Labour insists on Simon Busuttil's resignation

Justice Minister Owen Bonnici said he will await the conclusion of remaining inquiries before passing judgment on Keith Schembri and Konrad Mizzi

The Labour Party has insisted that Simon Busuttil should not remain a member of parliament
The Labour Party has insisted that Simon Busuttil should not remain a member of parliament

The Labour Party has again called for PN MP and former party leader Simon Busuttil to resign from both parliament and the PN following the results of a magisterial inquiry into the secret offshore company Egrant Inc. 

The company was alleged to belong to the Prime Minister's wife, and was a central part of the Oppositions electoral campaign last year.

Addressing a press conference at the party's headquarters Labour MP Stefan Zrinzo Azzopardi said that the country had yesterday woken up to a truth it had been waiting for.

He said that in addition to Egrant not belonging to the Muscat's, there had also been the shocking revelation, "that the lie was not only a lie but one based on fake documents”, given that the supposed declarations of trust that were to prove that Muscat owned the company had been doctored. 

Zrinzo Azzopardi accused Simon Busuttil of building a campaign against the Prime Minister and the country, over a lie, which was in turn based on falsified documents.

“His place is not in the Maltese parliament. If he has the least bit of decency he should resign not only suspend himself.” said Zrinzo Azzopardi. "Today everyone can be sure that what the PN built its last campaign on was a conspiracy for someone to seize power."

He stressed that at 1,500 pages long, there was much to analyse, noting that all sides had expressed their faith in the magistrate, adding that the volume of the report, and the fact that a number of international experts were involved in its preparation showed the seriousness with which it was compiled.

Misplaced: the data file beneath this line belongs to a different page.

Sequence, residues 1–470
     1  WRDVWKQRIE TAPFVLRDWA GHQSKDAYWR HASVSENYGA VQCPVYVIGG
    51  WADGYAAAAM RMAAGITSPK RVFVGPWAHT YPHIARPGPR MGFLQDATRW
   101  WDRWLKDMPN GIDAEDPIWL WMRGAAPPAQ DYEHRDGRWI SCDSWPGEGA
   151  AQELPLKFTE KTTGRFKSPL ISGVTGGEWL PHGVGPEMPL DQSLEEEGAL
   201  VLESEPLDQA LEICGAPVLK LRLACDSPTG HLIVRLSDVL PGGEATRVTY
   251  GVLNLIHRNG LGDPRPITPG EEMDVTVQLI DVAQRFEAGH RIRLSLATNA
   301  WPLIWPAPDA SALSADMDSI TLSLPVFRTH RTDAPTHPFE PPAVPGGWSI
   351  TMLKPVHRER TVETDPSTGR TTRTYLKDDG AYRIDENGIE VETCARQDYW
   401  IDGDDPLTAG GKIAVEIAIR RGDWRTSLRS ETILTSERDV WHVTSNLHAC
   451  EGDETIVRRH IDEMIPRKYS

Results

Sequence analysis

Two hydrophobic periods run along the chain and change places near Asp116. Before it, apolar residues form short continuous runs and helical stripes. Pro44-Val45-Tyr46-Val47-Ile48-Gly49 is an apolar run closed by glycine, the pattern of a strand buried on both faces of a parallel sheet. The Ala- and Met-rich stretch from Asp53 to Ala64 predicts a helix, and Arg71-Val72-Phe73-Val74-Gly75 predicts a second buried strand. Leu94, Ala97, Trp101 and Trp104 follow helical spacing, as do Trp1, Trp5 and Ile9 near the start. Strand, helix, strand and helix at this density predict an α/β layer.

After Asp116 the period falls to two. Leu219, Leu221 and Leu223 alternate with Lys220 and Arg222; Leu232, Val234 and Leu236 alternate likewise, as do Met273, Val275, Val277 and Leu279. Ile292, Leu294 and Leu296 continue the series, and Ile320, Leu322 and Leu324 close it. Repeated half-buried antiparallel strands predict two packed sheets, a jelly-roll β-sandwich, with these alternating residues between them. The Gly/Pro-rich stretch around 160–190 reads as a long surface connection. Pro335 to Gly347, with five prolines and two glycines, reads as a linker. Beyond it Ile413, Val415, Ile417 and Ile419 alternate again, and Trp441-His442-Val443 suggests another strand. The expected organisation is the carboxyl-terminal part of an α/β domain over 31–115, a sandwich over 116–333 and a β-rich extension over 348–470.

Zrinzo Azzopardi also noted how the inquiry had found that Pierre Portelli, the head of the Nationalist Party’s media and then at the Malta Independent, Daphne Caruana Galizia, and whistleblower Maria Efimova had not agreed among themselves when testifying and had also contradicted themselves.

Fake documents show criminal intent

Justice minister Owen Bonnici praised the Prime Minister for the “standards” he had shown since the allegation was first published, insisting that Muscat had asked the judiciary to investigate him despite knowing he had nothing to do with the company.

Bonnici hit out at PN leader Adrian Delia, who he said had, unlike Muscat, chosen to drop pending libel cases against Caruana Galizia, and that could have proved his innocence in other cases.

The Justice minister also said he found it shocking that someone had falsified documents.

“Someone sat down and invented a document with the aim of framing an innocent person,” he said. “There was criminal intent to break a person.”

Bonnici also pointed out that the inquiry had dispelled the belief that Pilatus Bank chairman Ali Sadr Hasheminejad, who was famously filmed leaving the bag at night carrying two suitcases, had removed any documents from the bank.

“The inquiry gives a blow by blow account of what happened with the bag from before it entered the building.”

He said that despite the nation hearing for 15 months that the documents had been taken to Azerbaijan, this had been excluded by the inquiry.

Despite the fact that the inquiry found that there was no link between the Muscats and the company Egrant, it was a fact that both Mizzi and Schembri had opened secret companies in Panama, over which many questions still remained. Asked whether the Labour Party should, as it is doing with Busuttil, should also ask for the two’s resignation, Bonnici said that the inquiry had found there was no evidence of corruption.

Bonnici said that as he had done in this case, he would await the outcome of the remaining inquiries.

Asked when and if the full inquiry could be expected to be published, Bonnici said that the Prime Minister’s wish was for the inquiry to be published but said that the Attorney General had made it clear that parts of it should not be made public.

Pressed on when this would happen, Bonnici said “today before tomorrow” (Illum qabel ghada).

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